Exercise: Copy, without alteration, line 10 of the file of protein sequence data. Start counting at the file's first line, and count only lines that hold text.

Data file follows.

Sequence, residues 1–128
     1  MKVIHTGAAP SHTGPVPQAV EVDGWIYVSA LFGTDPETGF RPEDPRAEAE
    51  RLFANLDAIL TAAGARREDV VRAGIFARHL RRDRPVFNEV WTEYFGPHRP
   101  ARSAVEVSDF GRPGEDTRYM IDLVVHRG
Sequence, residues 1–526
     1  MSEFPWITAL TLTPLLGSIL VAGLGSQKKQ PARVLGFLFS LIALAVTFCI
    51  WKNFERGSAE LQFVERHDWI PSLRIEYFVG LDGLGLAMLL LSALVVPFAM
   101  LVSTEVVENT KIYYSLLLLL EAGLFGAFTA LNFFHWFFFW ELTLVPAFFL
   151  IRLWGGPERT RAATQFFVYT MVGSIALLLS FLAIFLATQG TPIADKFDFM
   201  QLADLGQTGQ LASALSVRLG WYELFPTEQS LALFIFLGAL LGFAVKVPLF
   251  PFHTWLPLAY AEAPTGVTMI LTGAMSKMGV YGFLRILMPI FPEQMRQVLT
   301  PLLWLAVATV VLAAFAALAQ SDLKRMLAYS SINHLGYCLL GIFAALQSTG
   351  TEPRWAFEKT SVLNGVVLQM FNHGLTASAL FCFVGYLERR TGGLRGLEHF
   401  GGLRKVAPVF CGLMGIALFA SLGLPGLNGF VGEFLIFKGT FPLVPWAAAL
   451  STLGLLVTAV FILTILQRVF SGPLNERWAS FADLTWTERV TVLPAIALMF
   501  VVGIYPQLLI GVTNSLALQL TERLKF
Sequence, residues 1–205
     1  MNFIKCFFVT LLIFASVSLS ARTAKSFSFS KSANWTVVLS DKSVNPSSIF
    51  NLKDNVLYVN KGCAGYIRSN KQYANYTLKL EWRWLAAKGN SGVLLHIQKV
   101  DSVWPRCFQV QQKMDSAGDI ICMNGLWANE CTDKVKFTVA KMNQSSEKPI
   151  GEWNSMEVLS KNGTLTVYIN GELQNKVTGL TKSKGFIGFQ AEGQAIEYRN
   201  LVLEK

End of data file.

   201  QLADLGQTGQ LASALSVRLG WYELFPTEQS LALFIFLGAL LGFAVKVPLF